in the big museum.

Not so far off, the highway
already rushes and hums
like a seashell held to my ear,
and I think of my mother
riding to work on the bus,
and the people in cars going to jobs
in tall buildings,
and maybe children in the back seats,
looking up at the very same sky.

Darkness hangs like sleep
in my eyes.

© 2014 Stephanie Parsley

Friday, June 27, 2014

Thinking on quiet things

Photo © 2013 Stephanie Parsley, taken as my family returned
from what was likely a not-so-quiet fishing expedition

This week's stretch at The Miss Rumphius Effect is all about quiet, something I treasure. The poem below started as a list poem from my writing time yesterday with a friend, using a prompt from The Practice of Poetry: Writing Exercises from Poets Who Teach.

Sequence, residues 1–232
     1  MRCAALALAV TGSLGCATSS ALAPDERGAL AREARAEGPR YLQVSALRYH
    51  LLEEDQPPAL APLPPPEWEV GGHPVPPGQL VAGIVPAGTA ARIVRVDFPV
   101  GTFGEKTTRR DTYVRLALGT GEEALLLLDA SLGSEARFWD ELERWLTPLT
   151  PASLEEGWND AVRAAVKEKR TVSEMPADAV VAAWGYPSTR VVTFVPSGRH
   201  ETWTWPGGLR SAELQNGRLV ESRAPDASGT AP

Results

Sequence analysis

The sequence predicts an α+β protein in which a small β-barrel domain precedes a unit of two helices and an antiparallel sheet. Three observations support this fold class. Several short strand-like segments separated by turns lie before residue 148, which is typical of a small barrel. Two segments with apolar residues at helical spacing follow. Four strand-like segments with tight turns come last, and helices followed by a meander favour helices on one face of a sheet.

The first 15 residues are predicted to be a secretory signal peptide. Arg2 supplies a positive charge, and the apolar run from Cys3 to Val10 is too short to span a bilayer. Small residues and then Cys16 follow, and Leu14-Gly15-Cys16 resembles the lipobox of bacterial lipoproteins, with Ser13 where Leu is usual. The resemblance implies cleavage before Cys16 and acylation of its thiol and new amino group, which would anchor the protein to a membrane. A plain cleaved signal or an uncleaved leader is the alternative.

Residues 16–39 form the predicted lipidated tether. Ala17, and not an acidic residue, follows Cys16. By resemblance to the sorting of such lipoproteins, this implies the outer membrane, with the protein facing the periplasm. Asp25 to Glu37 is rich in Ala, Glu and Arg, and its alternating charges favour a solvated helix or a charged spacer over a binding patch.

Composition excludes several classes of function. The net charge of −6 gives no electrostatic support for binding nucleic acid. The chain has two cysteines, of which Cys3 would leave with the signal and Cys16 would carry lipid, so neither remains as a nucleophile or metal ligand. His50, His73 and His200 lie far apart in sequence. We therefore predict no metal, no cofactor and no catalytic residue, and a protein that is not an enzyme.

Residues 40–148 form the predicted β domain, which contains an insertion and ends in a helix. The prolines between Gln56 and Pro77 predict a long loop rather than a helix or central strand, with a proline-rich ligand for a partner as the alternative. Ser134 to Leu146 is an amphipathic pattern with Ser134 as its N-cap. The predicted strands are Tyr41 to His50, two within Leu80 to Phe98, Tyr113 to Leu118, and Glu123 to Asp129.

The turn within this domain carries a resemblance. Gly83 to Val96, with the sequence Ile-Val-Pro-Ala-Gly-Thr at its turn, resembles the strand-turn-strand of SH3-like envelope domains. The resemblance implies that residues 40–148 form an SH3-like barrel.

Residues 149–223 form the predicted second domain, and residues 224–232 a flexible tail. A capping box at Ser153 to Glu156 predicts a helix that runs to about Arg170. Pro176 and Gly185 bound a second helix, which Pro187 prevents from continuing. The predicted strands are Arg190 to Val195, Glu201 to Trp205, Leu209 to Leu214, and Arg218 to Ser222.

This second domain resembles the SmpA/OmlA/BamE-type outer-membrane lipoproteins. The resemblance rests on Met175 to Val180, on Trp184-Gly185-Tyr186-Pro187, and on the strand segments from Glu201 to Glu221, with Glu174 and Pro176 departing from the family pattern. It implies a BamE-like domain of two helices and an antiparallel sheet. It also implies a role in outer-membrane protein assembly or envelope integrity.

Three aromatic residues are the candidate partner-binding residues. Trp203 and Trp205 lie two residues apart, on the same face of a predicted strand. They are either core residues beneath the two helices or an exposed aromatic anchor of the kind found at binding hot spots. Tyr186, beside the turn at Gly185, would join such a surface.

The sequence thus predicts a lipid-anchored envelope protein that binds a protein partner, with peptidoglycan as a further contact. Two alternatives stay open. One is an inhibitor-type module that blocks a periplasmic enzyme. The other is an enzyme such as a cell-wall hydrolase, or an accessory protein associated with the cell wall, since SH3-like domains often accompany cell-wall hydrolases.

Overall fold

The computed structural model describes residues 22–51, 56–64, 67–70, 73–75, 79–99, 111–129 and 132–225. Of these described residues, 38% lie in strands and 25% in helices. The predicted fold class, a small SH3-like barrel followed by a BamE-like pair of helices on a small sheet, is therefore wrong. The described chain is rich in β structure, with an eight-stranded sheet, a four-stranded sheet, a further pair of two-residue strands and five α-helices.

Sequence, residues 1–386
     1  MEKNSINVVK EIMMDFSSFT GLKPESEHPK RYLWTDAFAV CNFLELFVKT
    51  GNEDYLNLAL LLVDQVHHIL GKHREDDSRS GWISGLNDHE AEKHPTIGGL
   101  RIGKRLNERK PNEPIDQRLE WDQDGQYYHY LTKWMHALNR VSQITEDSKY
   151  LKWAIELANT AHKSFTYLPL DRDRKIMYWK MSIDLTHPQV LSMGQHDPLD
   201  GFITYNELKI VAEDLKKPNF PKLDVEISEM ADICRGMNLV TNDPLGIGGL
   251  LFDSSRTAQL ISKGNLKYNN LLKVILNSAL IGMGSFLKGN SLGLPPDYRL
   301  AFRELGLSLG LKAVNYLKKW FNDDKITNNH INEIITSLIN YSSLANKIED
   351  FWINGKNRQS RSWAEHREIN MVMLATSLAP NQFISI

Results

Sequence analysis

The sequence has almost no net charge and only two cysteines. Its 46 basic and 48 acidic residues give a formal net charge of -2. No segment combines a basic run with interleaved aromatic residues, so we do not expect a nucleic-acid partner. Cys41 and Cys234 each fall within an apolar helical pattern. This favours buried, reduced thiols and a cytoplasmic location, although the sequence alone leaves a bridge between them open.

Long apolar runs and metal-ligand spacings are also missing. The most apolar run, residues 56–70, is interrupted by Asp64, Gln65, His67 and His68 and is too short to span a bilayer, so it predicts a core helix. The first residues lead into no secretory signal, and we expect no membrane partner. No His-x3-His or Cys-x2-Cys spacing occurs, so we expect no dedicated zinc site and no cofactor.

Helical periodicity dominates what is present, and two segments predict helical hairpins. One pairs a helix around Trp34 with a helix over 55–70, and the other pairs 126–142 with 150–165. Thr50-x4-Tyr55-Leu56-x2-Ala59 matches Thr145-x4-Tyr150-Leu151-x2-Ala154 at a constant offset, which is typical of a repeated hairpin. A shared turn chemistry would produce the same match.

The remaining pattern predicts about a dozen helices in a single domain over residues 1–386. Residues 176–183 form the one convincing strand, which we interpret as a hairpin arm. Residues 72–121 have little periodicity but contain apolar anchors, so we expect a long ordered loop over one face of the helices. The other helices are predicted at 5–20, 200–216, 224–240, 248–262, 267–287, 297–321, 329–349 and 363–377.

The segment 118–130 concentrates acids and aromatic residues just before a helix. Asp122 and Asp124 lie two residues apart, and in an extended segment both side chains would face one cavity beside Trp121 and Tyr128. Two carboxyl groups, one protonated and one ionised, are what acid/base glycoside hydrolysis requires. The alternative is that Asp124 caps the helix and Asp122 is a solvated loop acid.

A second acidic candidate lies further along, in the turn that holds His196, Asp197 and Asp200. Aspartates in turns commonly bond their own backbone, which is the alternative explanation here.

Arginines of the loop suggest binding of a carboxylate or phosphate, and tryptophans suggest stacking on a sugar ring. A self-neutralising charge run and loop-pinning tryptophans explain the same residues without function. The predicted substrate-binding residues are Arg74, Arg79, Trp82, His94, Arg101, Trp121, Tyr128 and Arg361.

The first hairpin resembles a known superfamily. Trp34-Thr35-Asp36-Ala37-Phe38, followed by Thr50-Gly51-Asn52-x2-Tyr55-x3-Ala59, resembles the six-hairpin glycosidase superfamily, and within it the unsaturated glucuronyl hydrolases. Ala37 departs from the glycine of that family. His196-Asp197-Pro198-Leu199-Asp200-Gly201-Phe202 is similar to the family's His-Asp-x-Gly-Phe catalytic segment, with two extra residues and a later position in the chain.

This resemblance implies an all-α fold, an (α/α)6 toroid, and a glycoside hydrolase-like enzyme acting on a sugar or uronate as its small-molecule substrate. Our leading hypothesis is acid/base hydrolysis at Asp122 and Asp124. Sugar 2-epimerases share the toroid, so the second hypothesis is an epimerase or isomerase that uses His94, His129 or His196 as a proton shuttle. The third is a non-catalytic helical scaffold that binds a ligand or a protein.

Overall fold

What You Will Need

A body of water
A day not too hot
A pole not too heavy
A light, long string

A worm and a hook
The stomach to pierce a small, squirming thing
A boat
Or a quiet spot

A pleasant companion
Or none
Attention to pay
Patience for waiting
          and waiting

Eyes to see the bobber bob or the water move
Hands for tugging and reeling a catch
A mouth to exclaim
Or breath for a sigh

The will to take startled creature in hand
The skill for dislodging sharp things
The hunger to hold the club and the knife
Or the heart to give it all back

A body of water
A pole and a string
A pleasant companion
Or none

The words to tell and tell the tale
Or the memory to keep,

© 2014 Stephanie Parsley

Thursday, May 15, 2014

Beach Haiku

Photo © Andreas Fozzman, Flickr Creative Commons
How to Find a Shark's Tooth Fossil

Sift sand, search shore, ‘til
Wave withdraws, revealing a
Miniscule jewel

© 2013 Stephanie Parsley

Friday, May 2, 2014

Night Sketch 1

Photo © 2014 Stephanie Parsley

At the foot of my bed lies the sleeping cat, neither curled nor stretched, just gently curved, head resting on paws.